The purpose of this qualitative interpretive biographical study was to enhance our understanding of leadership by exploring the life of Bai Fangli through the lens of Confucian virtues. This study followed Denzin's (1989a) qualitative design of interpretive biography by exploring Bai's epiphanies to offer multiple perspectives on the significance of the epiphanies and their impact on Bai's life and his influence as a modern Chinese leader. This study was guided by the central question: What is the essence of the life and leadership of Bai Fangli as explored through the lens of Confucian virtues? In order to answer this study's central question, Denzin's data analysis procedures were applied for this study. Incorporating Denzin's data analysis procedures, this study applied three phases of data analysis: (a) document analysis, (b) interview analysis, and (c) combined the analysis of the documents and interviews.
Data from documents were gathered from 91 online newspaper articles, 43 photographs, and 8 videoclips. Interview data were gathered during open-ended interviews with 12 purposefully selected participants. An internet-based audio video system, emails, and phone were utilized in this study. Four themes and seven sub virtue themes were combined from these documents and interviews. The lens of Confucian virtues was articulated based on seven sub virtue themes and how they are aligned with the literature review. Bai Fangli's interpretive biography was then reconstructed and the major themes that have shaped his life were identified.
This study enhances our understanding of leadership by articulating Ren Leadership, a universal leadership. Since Bai's actions demonstrated both Eastern virtues of benevolence and great love [ren ai], righteousness [yi], rituals [li], wisdom [zhi ], trustworthiness [xin], fortitude [yong ], and frugality [jian] and Western virtues of prudence, justice, fortitude, and temperance, the second finding recognized that moral leadership is applicable to both Eastern and Western world views. The third finding describes an example of a moral leader in China who blended both Eastern and Western virtues. Finally, this study revealed the feasibility of the return of the traditional Confucian virtues in contemporary China.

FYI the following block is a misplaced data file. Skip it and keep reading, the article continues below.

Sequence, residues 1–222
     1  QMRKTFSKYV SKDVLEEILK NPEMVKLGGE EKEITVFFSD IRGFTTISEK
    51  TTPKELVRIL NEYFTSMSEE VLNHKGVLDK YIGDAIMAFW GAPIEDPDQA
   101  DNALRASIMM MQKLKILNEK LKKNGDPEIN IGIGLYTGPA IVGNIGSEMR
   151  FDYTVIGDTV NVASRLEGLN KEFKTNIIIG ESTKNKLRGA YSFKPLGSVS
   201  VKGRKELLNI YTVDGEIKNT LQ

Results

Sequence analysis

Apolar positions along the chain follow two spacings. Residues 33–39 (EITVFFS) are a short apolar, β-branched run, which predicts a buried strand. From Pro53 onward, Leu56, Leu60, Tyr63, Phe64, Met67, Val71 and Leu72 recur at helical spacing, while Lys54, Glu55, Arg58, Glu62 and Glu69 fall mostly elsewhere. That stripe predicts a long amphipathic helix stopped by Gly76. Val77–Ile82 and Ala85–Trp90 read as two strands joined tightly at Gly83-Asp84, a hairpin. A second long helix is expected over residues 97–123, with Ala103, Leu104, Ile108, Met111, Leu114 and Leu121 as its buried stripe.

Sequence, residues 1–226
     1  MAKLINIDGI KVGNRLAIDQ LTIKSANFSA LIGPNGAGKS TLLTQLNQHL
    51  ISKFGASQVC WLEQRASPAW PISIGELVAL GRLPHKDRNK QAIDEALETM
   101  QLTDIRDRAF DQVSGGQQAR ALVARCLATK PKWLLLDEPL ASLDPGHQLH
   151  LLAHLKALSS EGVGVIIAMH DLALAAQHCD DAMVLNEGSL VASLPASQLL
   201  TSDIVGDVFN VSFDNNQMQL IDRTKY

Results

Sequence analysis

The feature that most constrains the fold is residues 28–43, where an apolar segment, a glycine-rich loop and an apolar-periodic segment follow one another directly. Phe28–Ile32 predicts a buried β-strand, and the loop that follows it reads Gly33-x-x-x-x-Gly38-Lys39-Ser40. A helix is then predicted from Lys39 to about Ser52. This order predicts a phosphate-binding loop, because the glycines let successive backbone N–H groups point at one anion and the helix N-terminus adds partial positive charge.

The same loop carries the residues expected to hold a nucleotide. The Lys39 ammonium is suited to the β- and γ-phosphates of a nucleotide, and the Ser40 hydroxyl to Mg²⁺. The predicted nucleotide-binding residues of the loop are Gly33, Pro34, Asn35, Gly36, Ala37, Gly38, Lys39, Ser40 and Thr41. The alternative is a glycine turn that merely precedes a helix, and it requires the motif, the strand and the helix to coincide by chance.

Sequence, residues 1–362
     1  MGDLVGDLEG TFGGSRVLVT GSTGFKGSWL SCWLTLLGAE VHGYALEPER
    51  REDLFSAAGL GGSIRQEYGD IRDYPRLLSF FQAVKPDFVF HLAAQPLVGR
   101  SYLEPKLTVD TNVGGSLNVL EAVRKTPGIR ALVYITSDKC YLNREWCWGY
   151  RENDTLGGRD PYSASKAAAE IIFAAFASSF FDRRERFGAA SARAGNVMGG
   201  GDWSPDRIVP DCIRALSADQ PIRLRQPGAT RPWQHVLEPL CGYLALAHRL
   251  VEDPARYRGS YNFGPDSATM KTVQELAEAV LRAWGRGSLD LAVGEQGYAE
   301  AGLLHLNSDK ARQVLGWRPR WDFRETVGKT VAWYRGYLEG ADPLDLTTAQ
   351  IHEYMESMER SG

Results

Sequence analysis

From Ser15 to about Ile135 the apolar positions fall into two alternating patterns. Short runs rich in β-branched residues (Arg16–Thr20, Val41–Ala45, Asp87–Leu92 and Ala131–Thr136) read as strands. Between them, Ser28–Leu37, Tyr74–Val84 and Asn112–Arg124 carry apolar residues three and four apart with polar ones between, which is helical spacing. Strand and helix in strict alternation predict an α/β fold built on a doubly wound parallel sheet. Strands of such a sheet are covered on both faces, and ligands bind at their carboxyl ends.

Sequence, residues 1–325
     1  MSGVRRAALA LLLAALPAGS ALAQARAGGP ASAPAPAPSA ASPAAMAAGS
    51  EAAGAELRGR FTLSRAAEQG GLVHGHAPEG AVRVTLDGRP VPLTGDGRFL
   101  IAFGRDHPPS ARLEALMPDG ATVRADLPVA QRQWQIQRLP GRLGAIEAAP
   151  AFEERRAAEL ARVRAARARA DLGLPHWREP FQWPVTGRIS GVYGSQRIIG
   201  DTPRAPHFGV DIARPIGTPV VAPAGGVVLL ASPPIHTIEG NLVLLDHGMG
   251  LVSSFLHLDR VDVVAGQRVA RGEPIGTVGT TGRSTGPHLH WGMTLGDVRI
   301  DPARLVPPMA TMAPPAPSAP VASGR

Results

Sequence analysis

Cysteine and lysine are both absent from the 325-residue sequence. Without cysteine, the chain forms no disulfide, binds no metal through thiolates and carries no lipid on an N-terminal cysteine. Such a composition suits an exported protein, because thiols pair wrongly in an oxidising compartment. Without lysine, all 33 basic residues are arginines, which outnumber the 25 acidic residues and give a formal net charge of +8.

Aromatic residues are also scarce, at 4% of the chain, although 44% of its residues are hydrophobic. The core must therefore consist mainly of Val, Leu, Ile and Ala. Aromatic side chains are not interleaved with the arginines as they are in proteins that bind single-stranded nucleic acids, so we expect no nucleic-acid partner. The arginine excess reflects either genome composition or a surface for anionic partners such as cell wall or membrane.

|Advisor:||McCaw, William P.|
|Commitee:||Ashmore, Rhea, Cao, Zhen, Evans, Roberta D., Matt, John|
|School:||University of Montana|
|School Location:||United States -- Montana|
|Source:||DAI-A 70/06, Dissertation Abstracts International|
|Subjects:||Biographies, School administration|
|Keywords:||Aristotelian virtues, Bai Fangli, Biography, China, Confucian virtues, Eastern and Western leadership, Interpretive biography, Leadership, Ren Leadership, Servant leadership|
Copyright in each Dissertation and Thesis is retained by the author. All Rights Reserved
The supplemental file or files you are about to download were provided to ProQuest by the author as part of a
dissertation or thesis. The supplemental files are provided "AS IS" without warranty. ProQuest is not responsible for the
content, format or impact on the supplemental file(s) on our system. in some cases, the file type may be unknown or
may be a .exe file. We recommend caution as you open such files.
Copyright of the original materials contained in the supplemental file is retained by the author and your access to the
supplemental files is subject to the ProQuest Terms and Conditions of use.
Depending on the size of the file(s) you are downloading, the system may take some time to download them. Please be